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Come on guys..

let's stop the bickering back and forth and the insults, a man is dead here!! RIP young man :-(

the bottom line is,

the bottom line is, everybody is an infant when they're scared and need help, but somehow transform into use of force experts and world-class tuff guys while talking about an officer involved shooting.

A cop is never there fast enough when you need him, but is driving too fast when you dont.

if a cop didnt handle things exactly the way you feel they should have been handled in all your experience and wisdom (usually from csi or "cops"), he must be a rookie or an idiot.

pour decisions

Ok, lets imagine this. Weather you speak the language of the land, weather your drunk or sober, weather you feel you’ve done anything wrong or not. A man with a badge approaches you. He orients his firearm at you (this is the universal non-verbal signal for “please stop what you are doing”). He gives you verbal commands. Do you:
1) conceal your hands and lunge at the man with the badge and gun
2) do anything other than answer (1)
sounds like the gentleman made a poor decision that night.

Imagine this was your JOB

Imagine this: Everyday you go to work and every one you come in contact with hates you. They lie to you,call you foul names, spit on you, try to hurt you by kicking, hitting and using weapons. They HATE you, until they need you and even then you can do NOTHING right. You were too slow, you're not doing things exactly as they want or as it is on TV. Imagine everytime you got out of your car you were unsure if today someone was going to try to KILL you. This thought lives in the back of your mind all the time and it lives with your family. Now imagine being alone in the dark with someone who is aggressive and not willing to follow your commands and makes it appear as if he is going to hurt you. You can't see what he has. Do you want to live?

Wow so many sworn PO and Criminal Justice degrees in Ptown

A lot of people with knowledge on what it takes and what it is like to be a PO. Keep pointing fingers at these officers. Why dont you ask the victims of Richard Richardson Jr? Who was found guilty Today in Va Beach on charges that included multiple counts of rape, robbery, abduction, forcible sodomy and more than a dozen counts of use of a firearm in a felony.Went to rob a drug dealer and went to the wrong apt and then cause havoc on a party of kids. Ask the parents of Meghan Landowski who can now rest at night knowing that no other child in this city can be harmed by Robert Barnes who sexually assaulted and stabbed their daughter more than 40 times. So before you bash a cop think about all those people who didn't ask to be victims...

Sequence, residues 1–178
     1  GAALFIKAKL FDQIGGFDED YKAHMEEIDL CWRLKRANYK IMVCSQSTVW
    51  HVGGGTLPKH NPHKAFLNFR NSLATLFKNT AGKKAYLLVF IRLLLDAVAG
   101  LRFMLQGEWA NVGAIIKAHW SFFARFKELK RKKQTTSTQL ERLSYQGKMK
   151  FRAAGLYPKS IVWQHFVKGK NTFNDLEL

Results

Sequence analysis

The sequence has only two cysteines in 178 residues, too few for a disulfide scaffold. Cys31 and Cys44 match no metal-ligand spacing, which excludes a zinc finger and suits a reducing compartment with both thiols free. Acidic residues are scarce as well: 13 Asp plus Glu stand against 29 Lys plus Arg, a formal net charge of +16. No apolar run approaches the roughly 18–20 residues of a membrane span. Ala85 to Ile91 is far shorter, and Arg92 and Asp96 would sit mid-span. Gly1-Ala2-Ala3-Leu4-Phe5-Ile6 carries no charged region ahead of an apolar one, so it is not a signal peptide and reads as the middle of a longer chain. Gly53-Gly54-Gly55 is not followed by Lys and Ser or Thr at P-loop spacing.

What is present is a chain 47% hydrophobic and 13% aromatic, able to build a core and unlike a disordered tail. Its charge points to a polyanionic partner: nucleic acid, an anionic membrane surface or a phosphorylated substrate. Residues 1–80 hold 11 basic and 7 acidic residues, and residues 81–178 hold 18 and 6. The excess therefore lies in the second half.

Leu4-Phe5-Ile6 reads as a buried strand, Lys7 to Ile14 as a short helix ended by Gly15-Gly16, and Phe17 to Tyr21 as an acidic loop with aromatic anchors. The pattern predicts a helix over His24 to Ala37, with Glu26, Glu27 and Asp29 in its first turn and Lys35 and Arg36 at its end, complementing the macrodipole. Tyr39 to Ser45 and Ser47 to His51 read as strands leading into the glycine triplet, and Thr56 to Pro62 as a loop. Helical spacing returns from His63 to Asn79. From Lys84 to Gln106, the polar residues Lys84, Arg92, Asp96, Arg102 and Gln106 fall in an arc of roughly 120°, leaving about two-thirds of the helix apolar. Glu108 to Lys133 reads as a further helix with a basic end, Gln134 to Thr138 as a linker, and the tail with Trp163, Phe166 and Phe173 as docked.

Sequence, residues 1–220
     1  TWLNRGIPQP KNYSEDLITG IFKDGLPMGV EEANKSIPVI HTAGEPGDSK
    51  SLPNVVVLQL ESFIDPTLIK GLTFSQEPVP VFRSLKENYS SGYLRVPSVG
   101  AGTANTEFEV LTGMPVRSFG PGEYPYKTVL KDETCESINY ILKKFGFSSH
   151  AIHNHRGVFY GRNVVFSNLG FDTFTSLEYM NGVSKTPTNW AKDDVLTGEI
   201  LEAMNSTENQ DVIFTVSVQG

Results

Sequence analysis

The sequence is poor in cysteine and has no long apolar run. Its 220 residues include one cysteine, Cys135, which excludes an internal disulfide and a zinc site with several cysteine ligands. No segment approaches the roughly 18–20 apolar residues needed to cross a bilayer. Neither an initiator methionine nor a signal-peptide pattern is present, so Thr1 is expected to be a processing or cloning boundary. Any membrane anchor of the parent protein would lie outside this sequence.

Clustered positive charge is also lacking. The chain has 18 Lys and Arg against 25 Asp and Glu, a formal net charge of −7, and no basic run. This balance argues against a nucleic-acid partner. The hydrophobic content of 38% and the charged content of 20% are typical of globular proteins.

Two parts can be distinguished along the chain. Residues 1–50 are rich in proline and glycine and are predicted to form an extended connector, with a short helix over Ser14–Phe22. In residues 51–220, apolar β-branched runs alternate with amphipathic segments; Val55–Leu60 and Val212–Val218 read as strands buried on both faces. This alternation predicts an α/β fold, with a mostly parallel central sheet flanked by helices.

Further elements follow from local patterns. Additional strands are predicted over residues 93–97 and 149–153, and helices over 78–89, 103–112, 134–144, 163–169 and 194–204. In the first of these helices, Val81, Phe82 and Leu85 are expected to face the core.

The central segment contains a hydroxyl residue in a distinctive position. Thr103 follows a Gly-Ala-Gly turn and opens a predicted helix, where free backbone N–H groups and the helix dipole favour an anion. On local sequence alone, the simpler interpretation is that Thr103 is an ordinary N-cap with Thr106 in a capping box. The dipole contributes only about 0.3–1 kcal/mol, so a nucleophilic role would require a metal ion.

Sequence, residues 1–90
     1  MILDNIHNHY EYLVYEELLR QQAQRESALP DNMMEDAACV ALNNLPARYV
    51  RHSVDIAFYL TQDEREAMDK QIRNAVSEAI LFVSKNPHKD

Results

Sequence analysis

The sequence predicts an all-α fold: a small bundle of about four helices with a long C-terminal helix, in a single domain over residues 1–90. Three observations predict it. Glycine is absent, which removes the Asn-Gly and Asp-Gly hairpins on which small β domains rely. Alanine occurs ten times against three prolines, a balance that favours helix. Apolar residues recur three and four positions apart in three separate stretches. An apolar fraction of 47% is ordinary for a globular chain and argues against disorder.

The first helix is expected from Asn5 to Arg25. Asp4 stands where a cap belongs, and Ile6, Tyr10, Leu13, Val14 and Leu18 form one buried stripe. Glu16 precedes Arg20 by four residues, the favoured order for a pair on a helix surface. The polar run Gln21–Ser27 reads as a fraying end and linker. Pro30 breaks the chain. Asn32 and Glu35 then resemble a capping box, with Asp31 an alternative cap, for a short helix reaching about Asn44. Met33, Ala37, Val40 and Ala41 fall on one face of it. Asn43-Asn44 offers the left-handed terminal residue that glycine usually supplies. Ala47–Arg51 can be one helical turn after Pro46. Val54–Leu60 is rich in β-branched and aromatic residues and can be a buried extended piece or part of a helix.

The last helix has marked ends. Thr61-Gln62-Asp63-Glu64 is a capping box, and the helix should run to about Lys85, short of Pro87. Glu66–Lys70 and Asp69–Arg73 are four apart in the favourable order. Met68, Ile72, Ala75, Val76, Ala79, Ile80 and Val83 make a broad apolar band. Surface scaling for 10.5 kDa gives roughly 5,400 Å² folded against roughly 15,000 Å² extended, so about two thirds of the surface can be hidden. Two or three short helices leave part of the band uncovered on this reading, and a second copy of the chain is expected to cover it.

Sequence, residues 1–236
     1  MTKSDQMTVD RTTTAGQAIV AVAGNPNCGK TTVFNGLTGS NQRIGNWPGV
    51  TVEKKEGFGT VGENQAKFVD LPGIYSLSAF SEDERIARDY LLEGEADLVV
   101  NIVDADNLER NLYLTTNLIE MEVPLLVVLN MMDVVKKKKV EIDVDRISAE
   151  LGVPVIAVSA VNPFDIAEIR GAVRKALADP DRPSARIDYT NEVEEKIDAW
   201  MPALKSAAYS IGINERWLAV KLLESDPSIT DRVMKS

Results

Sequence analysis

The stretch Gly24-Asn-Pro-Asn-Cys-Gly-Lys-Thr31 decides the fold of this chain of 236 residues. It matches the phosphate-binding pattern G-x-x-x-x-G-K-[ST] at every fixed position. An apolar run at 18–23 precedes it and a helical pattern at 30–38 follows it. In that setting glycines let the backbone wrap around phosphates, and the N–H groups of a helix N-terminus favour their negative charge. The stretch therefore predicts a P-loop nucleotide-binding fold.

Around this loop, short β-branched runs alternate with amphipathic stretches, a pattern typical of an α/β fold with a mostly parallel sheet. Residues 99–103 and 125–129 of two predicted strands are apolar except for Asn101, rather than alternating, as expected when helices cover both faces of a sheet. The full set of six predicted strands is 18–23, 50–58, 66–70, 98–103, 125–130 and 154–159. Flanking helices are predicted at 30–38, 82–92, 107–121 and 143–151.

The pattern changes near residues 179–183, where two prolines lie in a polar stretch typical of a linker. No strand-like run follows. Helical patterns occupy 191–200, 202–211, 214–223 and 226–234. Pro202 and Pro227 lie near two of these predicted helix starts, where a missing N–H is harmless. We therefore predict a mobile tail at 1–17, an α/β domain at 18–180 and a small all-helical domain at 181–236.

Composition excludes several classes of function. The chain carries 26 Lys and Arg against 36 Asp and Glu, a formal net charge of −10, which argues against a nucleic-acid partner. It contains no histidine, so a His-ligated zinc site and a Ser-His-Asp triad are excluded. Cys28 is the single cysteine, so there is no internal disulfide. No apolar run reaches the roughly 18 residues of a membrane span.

MEMORIAL FUND SET UP AT WACHOVIA BANK OLD TOWNE PORTSMOUTH....

Please help his friends collect money for his mother who is arriving today from Eastern Europe..Thank You

let's see,an unarmed man,who

let's see,an unarmed man,who by police statements made threating gestures with his hands,well if thats the case clearly they could see he wasn't armed,why wasn't he tased first?just another case of shoot first,we'll justify it later.police don't have the right to gun you down
without provocation(threating hand gestures)give me a break.the commonwealth's office will have this cleaned up and the murdering officer back on the street before the poor man is even buried

It's not murder if there was

It's not murder if there was not intent or planning. Unless he was buck naked you can't see what is under someone's clothes. Last time I checked police officers weren't issued xray vision. I'm not sure what you consider threatening hand gestures but they don't mean flipping the cop the bird or balling up his fist.

The police do have an

The police do have an absolute right to react to furtive movements by a suspect. The police do not have to wait for a weapon to be pointed at them (giving them a tactical and deadly disadvantage) for them to react. If a "reasonable officer" would perceive that as a deadly force situation, then that officer had an absolute right to take deadly force means.

A very adversarial attitude towards the general public.

I hope none of you are police as you express a very unprofessional attitude.
I think most police officers are better than that, stop making them look bad by promoting police state submissiveness.